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Have you ever turned on an appliance in your home only to have it cut off a few seconds later? Since so many devices can damage your breaker, this problem is more common than you think. Broken circuit breakers are especially common in older homes with old electrical panels and circuit breakers. These devices may be nearing the end of their useful life and need to be replaced by a professional, as a leading provider of residential and commercial electrical services. That’s why we’ve compiled a list of standard trip breaker devices to help homeowners understand why this happens.
4 of the most common causes of circuit breakers
The following appliances and devices are among the most common causes of circuit breakers in the home:
1. Hair dryer
Hair dryers, irons, and curling irons all generate large amounts of heat in a short time, causing significant power consumption. GFCIs are commonly found in bathrooms. A circuit can break at this particular outlet or the circuit breaker supplying the course, causing multiple outlets to lose power. Unplug any unused equipment and limit the electricity used in this circuit to minimize your chance of tripping the circuit.
2. Portable fans and air conditioners
Homeowners can run multiple tower and ceiling fans simultaneously during the summer to stay calm. While a single fan probably won’t cause a circuit breaker, this combined power draw can significantly increase the likelihood of this happening. Make sure to only use fans in rooms that are currently occupied.
3. Old Refrigerator
While refrigerators have become significantly more efficient over the past 20 years, these appliances are often built to last well over a decade. This means that many families are using refrigerators over 20 years old, consuming too much power compared to modern appliances. This power consumption increases in hot weather as the fridge has to work harder to keep the contents cool. If you have a refrigerator that is more than 20 years old and regularly causes your breaker to fail, it may be time to replace the fridge.
4. Vacuum cleaner
Vacuum cleaners tend to use a fair amount of power and can easily overload the circuit if other devices are being used on the course simultaneously. While vacuum cleaners are often the culprit for tripping, it’s a good idea to test your vacuum in multiple areas of your home. If the vacuum is causing only one breaker to operate, the problem may be with your breaker and not with the vacuum.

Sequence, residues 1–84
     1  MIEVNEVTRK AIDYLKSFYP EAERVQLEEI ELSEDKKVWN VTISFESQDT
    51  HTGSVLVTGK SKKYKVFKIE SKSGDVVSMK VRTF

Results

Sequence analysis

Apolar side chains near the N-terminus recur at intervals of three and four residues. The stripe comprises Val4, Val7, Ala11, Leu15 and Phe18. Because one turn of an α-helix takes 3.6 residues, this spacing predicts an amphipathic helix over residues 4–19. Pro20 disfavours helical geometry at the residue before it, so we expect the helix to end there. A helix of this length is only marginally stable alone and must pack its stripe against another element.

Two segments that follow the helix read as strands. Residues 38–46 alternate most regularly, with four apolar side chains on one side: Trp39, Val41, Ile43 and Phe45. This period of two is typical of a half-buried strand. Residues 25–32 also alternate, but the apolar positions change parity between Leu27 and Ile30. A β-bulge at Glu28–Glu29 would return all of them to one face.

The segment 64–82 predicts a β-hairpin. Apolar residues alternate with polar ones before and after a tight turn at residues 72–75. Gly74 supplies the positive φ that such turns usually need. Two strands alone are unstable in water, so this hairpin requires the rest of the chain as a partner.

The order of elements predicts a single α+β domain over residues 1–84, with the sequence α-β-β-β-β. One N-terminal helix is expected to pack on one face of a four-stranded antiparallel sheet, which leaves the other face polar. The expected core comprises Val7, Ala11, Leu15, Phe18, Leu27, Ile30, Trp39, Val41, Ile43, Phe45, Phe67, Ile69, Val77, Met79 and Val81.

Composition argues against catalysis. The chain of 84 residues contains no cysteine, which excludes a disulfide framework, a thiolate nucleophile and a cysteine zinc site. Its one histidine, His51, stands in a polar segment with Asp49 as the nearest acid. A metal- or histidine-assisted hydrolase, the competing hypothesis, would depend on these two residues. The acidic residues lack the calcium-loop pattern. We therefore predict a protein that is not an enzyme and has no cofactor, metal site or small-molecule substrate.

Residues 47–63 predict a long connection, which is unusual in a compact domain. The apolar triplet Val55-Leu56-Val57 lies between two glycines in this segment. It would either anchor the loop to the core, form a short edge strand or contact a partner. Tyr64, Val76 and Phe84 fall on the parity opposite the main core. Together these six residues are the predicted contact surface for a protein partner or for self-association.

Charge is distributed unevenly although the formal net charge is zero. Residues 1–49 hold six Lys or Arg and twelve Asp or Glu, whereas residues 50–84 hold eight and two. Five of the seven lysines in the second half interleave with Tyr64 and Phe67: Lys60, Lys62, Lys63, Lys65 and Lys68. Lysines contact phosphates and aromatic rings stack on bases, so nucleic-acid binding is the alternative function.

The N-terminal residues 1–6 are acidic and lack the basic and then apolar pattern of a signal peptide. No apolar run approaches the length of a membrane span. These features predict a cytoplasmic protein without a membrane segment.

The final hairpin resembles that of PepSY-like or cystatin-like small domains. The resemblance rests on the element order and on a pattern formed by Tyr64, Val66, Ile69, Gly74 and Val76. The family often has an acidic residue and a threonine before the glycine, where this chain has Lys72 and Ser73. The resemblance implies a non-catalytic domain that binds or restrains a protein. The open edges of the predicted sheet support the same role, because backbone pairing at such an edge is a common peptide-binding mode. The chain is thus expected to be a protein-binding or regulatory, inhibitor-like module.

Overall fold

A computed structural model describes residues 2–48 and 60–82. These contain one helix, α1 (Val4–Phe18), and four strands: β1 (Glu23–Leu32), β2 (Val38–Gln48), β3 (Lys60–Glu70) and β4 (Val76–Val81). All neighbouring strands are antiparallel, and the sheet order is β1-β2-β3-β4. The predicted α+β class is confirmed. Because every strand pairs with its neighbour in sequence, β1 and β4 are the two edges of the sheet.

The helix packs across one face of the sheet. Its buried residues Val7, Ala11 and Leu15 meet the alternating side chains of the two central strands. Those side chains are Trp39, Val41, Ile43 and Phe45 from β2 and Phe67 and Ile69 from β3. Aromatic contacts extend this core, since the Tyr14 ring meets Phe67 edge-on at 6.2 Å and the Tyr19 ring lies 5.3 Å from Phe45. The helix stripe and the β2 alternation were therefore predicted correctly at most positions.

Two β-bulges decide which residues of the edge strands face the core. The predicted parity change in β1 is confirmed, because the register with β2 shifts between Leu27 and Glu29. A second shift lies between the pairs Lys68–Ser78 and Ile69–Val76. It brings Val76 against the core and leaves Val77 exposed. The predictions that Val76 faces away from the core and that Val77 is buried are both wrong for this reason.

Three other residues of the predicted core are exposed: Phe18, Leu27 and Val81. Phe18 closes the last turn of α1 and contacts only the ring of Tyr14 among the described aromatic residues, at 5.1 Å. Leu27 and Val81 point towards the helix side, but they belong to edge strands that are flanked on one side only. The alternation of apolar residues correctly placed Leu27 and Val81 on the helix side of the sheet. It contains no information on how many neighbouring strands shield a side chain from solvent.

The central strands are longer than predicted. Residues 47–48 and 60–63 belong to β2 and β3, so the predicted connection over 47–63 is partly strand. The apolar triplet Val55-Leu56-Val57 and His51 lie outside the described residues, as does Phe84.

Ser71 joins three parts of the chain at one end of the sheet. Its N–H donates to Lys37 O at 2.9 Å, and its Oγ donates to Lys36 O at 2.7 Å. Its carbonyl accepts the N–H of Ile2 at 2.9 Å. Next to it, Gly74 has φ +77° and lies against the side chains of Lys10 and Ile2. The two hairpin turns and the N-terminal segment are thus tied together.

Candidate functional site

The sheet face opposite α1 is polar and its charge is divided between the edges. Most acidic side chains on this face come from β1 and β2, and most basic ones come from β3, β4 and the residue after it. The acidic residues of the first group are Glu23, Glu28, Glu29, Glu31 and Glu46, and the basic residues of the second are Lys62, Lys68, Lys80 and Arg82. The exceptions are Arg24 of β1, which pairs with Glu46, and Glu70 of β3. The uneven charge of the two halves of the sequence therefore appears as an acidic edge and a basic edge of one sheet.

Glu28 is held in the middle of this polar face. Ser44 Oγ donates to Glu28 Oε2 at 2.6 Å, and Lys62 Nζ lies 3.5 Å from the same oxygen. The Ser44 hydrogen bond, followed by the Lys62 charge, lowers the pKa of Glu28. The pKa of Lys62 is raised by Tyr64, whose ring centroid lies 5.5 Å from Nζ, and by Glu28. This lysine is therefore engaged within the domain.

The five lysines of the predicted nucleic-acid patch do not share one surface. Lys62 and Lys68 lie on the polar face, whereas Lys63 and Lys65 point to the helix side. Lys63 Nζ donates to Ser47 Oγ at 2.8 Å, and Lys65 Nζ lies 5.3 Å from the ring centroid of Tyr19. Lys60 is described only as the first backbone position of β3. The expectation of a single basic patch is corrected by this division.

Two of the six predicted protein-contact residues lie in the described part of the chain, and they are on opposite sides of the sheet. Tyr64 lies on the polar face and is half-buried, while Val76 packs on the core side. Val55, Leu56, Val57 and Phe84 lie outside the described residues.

Electrical outlets are essential but often overlooked in your home or business. While some may think all stores are identical, this is not true. To ensure optimum electrical safety in any installation, it is essential to understand what no-around outlets are, what they look like, and the hazards they can present as a leading provider of residential and commercial electrical services. That’s why we’ve provided some information to help you detect outlets that aren’t around and reduce the risk of electrical hazards around them.
Why is a grounded outlet important?
Grounded sockets can be identified through the presence of 3 holes (2 vertical holes at the top and a circular hole at the bottom). Two vertical slots represent a “hot” wire and a “neutral” wire. The ground wire in the grounding socket connects to the circular groove, acting as a backup protector. Electricity will only travel safely along the ground wire back to the control panel if anything goes wrong with the outlet. Without a ground wire, that current can pass into nearby materials like fabric, plants, or anything else near the outlet. No-around outlets don’t have this bottom ground wire opening and only have two vertical doors at the top, making them much more dangerous.
Electrical safety risks of sockets that are not around
Although no-around sockets are a popular choice for older homes and buildings, they have been determined to be unsafe for modern homes, commercial facilities, and appliances that are not safe. We use. Stores that do not around have a much higher risk of the following safety hazards:
Shock and electric shock
Receptacles that are not around present a greater risk of electric shock to people using electronic equipment, and the appliance is plugged into an outlet.
Without a grounded outlet, your outlet can create arcs and sparks that can cause a fire. This is especially true if you have any dry material near the outlet.
Loss of property
Outlets that aren’t around can deprive appliances and electronics, causing severe damage to your property. In some cases, this damage can even render your devices inoperable and require you to replace them.
Messy or unsafe wiring
Unfortunately, the presence of outlets with no surroundings usually means that the wiring behind them is messy and unsafe. If you have outlets that aren’t around in your home or commercial building, hire a professional to replace them with organized wiring and grounding devices.
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